But it was her breakthrough novel, “The Golden Notebook,” a structurally inventive and loosely autobiographical tale, that remained her best-known work. The 1962 book was daring in its day for its frank exploration of the inner lives of women who, unencumbered by marriage, were free to raise children, or not, and pursue work and their sex lives as they chose. The book dealt openly with topics like menstruation and orgasm, as well as with the mechanics of emotional breakdown.

Her editor at HarperCollins, Nicholas Pearson, said on Sunday that “The Golden Notebook” had been a handbook for a whole generation.

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August 1, 2013

Stephen King’s Family Business

hillBy  SUSAN DOMINUS

Life in Maine, where Stephen King has spent most of his adult years, requires long drives down country roads, time that King, whose mind is restless, likes to fill by listening to books on tape. In the ’80s, however, he sometimes could not find the books he wanted on tape — or maybe he just did not bother. He had three children: Naomi, Joe and Owen. They could read, couldn’t they? All King had to do was press record. Which is how his school-age children came to furnish their father, over the years, with a small library’s worth of books on tape.

On a drizzly morning in July, King, his wife and their children gathered in Maine for a reunion the week of the Fourth and compared notes on what constituted chores in the King household. As they talked, they were crowded around a rather small kitchen table in a lakeside guesthouse, where King’s 41-year-old son, Joe Hill, was staying, a short drive from the family’s summer home.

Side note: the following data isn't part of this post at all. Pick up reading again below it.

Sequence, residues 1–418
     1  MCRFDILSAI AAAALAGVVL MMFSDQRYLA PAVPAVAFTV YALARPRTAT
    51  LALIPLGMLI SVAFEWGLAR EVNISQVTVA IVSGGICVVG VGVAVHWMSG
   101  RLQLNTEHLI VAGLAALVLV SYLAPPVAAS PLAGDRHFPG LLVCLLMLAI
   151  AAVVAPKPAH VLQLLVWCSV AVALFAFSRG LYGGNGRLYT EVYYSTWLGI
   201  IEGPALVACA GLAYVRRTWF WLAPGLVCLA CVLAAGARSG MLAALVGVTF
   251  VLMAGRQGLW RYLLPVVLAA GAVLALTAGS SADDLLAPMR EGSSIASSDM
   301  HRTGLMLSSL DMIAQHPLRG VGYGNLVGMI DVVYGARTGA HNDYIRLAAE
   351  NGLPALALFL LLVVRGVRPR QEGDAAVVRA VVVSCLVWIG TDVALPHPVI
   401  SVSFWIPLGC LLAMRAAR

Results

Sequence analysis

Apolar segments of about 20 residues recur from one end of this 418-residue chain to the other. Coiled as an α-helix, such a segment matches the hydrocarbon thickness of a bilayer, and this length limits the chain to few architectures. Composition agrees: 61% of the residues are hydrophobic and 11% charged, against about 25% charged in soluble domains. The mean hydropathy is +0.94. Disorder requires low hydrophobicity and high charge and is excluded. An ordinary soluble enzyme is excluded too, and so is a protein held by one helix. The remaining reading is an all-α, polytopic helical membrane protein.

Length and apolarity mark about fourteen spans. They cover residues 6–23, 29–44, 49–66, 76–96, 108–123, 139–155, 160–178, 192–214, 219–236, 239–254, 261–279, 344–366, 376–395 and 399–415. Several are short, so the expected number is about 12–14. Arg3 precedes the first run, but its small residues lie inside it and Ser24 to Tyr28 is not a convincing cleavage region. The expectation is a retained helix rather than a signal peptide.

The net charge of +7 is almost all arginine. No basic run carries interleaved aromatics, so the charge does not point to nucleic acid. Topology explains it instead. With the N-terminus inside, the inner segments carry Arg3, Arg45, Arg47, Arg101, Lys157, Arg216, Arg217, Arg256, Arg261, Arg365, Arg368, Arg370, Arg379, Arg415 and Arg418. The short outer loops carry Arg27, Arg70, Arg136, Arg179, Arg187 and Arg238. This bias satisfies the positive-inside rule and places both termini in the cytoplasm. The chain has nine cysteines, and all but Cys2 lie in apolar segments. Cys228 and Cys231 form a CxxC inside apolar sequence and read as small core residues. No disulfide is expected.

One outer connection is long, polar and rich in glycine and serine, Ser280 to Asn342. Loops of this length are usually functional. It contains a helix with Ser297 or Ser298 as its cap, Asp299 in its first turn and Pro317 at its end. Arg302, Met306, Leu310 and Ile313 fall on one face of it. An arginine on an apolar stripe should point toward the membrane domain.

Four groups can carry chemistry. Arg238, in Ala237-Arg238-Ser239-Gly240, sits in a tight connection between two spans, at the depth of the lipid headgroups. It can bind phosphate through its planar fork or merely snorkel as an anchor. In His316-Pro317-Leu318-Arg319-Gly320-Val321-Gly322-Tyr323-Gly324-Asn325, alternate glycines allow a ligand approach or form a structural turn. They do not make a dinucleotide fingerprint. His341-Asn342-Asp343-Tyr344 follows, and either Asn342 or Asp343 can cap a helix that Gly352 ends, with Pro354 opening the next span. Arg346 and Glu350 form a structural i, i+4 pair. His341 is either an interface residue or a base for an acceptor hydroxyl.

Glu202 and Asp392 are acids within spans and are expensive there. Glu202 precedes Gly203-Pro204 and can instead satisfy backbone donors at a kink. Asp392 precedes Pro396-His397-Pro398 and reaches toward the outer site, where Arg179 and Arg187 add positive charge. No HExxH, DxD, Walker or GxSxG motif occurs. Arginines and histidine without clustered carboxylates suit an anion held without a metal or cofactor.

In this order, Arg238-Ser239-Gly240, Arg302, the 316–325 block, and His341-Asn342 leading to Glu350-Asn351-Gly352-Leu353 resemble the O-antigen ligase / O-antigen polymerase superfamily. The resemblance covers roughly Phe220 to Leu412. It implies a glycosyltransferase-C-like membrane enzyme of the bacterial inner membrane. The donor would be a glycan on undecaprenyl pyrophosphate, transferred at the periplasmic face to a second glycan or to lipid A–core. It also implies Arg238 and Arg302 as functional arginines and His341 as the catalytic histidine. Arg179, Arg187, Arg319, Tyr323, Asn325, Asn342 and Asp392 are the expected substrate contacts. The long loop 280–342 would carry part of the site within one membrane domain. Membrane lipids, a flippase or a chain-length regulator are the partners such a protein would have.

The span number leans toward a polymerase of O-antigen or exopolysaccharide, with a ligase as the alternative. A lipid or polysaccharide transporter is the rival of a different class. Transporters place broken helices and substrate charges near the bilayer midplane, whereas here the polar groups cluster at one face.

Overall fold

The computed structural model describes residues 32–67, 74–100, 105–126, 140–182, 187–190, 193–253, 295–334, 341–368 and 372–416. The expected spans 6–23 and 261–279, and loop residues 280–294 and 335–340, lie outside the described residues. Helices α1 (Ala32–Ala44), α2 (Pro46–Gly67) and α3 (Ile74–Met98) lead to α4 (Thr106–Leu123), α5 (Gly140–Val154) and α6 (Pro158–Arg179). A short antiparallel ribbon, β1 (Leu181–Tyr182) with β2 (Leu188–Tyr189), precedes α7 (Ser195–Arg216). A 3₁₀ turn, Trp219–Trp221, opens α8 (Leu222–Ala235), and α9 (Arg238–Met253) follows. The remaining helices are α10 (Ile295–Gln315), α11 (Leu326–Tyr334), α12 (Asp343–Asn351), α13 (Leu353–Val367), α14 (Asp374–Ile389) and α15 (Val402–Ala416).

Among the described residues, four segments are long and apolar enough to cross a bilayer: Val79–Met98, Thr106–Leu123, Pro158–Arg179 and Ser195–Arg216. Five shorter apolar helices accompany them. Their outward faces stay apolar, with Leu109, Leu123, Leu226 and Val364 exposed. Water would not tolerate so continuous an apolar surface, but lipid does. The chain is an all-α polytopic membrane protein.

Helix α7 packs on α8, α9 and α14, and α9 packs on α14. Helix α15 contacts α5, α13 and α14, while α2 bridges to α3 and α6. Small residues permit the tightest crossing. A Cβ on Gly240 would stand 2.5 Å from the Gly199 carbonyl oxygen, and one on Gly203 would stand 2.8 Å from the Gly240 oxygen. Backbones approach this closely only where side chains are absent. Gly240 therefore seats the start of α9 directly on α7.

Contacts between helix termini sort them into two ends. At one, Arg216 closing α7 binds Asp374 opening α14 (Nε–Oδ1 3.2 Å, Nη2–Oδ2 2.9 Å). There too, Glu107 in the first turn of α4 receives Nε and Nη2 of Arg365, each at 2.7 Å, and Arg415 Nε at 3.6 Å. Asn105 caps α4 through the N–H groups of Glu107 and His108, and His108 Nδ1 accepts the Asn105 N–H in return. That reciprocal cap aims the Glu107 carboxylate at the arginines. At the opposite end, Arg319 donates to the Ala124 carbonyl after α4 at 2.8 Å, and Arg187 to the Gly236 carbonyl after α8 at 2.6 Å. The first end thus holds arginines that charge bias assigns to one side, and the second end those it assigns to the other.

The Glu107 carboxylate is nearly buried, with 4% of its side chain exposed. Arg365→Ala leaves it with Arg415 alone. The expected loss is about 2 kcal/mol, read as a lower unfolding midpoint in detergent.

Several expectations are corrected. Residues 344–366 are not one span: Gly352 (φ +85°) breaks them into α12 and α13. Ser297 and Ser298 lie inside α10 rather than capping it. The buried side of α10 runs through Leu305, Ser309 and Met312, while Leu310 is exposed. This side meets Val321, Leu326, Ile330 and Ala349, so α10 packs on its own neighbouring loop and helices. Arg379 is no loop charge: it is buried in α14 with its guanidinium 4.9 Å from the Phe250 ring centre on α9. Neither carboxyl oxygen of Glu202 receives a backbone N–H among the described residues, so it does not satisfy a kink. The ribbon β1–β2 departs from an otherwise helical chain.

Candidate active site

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June 20, 2013

The Resurgence of the Short Story: The Smallest of Entryways and Cristen Hemingway Jaynes

By K.J. Wetherholt

Cristen Hemingway Jaynes

Cristen Hemingway Jaynes

“When well told, a story captured the subtle movement of change. If a novel was a map of a country, a story was the bright silver pin that marked the crossroads.” — Ann Patchett

In a February 15, 2013 article for The New York Times, Leslie Kaufman noted the recognition of a trend that many among the literary world are currently embracing: the digital age in publishing has brought back what Neil Gaiman once described as “the novel’s wayward younger brother” — the short stories that most might otherwise have relegated to the memory of literature classes in high school or college.

Many of us remember these shorter works by literary masters: among them Henry James, Edgar Allan Poe, Ernest Hemingway–or in more contemporary times, noted authors such as Jim Harrison, George Saunders or Louise Erdrich, whose works, if not read in literary magazines, journals, or such publications as Esquire and The New Yorker, are instead placed in short story collections that rely almost wholly on the author’s name recognition for sales.

However, with the recent prevalence of Kindle, Nook, and other digital reading devices, short fiction has started to return as an acceptable, and salable form, in fact bringing back the form with a power and a popular respectability it has not had for some time.

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May 27, 2013

A Writing Class Focused on Goodbyes

By CHADWICK MOORE
“The suicide note — and I’m being deadly earnest — is moving, strange, harrowing and peculiar literature,” said Simon Critchley, an author and philosophy professor at the New School. “People’s interest in them is almost pornographic.”